Quality of Healthcare at Least as Good in Canada as in U.S.
Comprehensive Analysis Finds Slightly Lower Death Rates in Canada
(Despite Far Lower Health Spending)
April 18 2007 — 8:30 A.M. EST
Steffie Woolhandler, M.D. 617-497-1268, 617-312-2766
David Himmelstein, M.D. 617-665-1032, 617-312-0970
Nick Skala 312-782-6006
Gordon Guyatt, M.D. 905-521-2100 x22160
A comprehensive study by a team of 17 leading Canadian and U.S. researchers finds that the quality of care in Canada is at least as good as that in the U.S. The research, which appears in the inaugural issue of the on-line journal Open Medicine, is a rigorous statistical compendium of every direct comparison of the outcomes of U.S. and Canadian patients with identical illnesses ever published.
The researchers analyzed every study that met two pre-specified criteria: 1) a comparison of patients with identical diagnoses in Canada and the U.S.; and 2) clearly measured outcomes, such as death rate. Medical librarians collaborating in the study identified 4,923 journal articles that might meet these criteria. The researchers reviewed abstracts and titles of these articles to winnow them to 498 articles that might possibly meet the pre-specified criteria. In order to eliminate any potential bias in study selection, librarians then blacked out the results of each of these 498 studies. Only then did a second team of reviewers decide which studies should be included in the final analysis. Finally, the 38 studies fully meeting both inclusion criteria were analyzed statistically.
Overall, 14 of the 38 studies showed better outcomes in Canada, while only 5 favored the U.S. The remaining 19 studies showed equivalent or mixed results in the two nations. When the studies were combined statistically, the mortality rate was 5% lower in Canada. However, the researchers urged caution in interpreting this small Canadian advantage. Among the highest quality studies examined, 5 favored Canada while only 2 favored the U.S. The one group of patients who clearly fared better in Canada were those with end stage kidney disease.
The findings are particularly striking since few uninsured patients in the U.S. — who probably suffer the worst quality care - were included in the studies examined. Indeed, all kidney failure patients in the U.S. have insurance,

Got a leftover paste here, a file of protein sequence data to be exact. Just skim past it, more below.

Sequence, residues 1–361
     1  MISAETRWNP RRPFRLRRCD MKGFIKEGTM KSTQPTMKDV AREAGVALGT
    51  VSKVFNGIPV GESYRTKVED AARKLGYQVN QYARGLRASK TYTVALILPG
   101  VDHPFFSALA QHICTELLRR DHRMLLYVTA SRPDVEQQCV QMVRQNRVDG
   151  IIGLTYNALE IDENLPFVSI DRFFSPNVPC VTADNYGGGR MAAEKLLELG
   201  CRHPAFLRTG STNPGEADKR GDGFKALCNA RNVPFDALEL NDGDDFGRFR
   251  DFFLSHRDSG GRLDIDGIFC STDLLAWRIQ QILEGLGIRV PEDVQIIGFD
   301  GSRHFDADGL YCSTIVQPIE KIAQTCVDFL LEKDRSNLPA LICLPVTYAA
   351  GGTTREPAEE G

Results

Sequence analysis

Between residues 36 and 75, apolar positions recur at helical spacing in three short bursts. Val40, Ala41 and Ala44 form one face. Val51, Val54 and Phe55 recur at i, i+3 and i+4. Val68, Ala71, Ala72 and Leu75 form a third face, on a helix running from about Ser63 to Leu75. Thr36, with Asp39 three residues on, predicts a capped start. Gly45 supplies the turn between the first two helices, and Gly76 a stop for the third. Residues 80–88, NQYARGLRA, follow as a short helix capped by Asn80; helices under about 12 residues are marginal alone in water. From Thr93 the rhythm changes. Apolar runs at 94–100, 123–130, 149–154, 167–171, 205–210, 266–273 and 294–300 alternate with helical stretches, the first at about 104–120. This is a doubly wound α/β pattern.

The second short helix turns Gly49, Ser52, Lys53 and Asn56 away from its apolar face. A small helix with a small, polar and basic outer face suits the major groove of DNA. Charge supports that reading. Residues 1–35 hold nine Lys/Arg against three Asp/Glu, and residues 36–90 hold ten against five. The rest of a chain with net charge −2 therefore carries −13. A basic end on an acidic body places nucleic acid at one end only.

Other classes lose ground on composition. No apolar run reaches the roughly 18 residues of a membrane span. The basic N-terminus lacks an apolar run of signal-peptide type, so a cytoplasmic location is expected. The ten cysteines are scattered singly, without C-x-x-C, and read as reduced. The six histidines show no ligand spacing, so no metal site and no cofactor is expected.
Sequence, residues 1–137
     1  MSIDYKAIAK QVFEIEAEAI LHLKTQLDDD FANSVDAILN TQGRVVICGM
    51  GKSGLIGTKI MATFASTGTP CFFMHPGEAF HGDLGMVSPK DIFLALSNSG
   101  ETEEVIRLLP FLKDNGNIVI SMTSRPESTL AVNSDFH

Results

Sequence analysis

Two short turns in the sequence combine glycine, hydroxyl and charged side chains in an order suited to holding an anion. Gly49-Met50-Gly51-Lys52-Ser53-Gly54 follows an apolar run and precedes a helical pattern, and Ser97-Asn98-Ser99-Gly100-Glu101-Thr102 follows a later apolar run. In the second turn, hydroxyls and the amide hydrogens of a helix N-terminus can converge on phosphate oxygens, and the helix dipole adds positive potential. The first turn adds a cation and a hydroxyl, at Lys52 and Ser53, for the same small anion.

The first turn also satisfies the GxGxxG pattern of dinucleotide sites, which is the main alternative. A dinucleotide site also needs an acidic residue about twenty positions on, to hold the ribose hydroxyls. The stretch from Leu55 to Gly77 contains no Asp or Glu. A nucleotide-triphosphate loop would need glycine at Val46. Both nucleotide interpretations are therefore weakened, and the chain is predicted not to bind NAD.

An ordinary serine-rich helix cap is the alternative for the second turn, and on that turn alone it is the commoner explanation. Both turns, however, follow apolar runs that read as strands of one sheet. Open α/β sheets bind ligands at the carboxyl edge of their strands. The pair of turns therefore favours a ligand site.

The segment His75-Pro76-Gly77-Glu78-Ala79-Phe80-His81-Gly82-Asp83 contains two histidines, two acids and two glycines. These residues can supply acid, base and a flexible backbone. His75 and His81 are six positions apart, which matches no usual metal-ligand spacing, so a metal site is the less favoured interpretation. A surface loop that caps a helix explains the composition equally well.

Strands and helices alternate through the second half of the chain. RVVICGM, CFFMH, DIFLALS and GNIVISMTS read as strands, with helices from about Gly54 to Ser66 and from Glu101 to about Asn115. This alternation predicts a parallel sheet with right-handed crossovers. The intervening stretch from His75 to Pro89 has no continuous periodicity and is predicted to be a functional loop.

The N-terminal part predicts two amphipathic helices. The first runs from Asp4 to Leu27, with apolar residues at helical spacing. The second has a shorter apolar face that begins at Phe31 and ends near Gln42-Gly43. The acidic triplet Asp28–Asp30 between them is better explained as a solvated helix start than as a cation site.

Per capita health spending in the U.S. in 2006 was $7,129 — more than double Canada’s spending of $2,956 (U.S.) per capita. All Canadians are covered under that nation’s non-profit national health insurance program. The study comes on the heels of recent findings from the Joint U.S. Canada Health Survey that Canadians enjoy access to care similar to that for insured Americans, and far better than for the uninsured in the U.S.
Dr. Gordon Guyatt, Professor of Medicine at McMaster University and lead author of the study said “These results should be a wake up call to Americans. Canadian-style universal health care can deliver as good or better health outcomes at half the price.” Dr. Guyatt, who coined the term “evidence based medicine” is a leading expert on research methodology.
Dr. Steffie Woolhandler, Associate Professor of Medicine at Harvard and a study co-author commented: “Americans pay inflated prices for inferior care. The extra $4000 each American spends annually isn’t buying us better quality. Most of it is pure waste, going for paperwork and insurance and drug company profits. National health insurance would maintain or even improve quality for those who now have coverage, cover the uninsured and still cost less than we’re now spending.”
Physicians for a National Health Program is an organization of 14,000 physicians that support single-payer national health insurance. PNHP is headquartered in Chicago and has chapters and spokespeople across the U.S. To contact a physician-spokesperson in your area, contact email@example.com or call 312-782-6006. www.pnhp.org.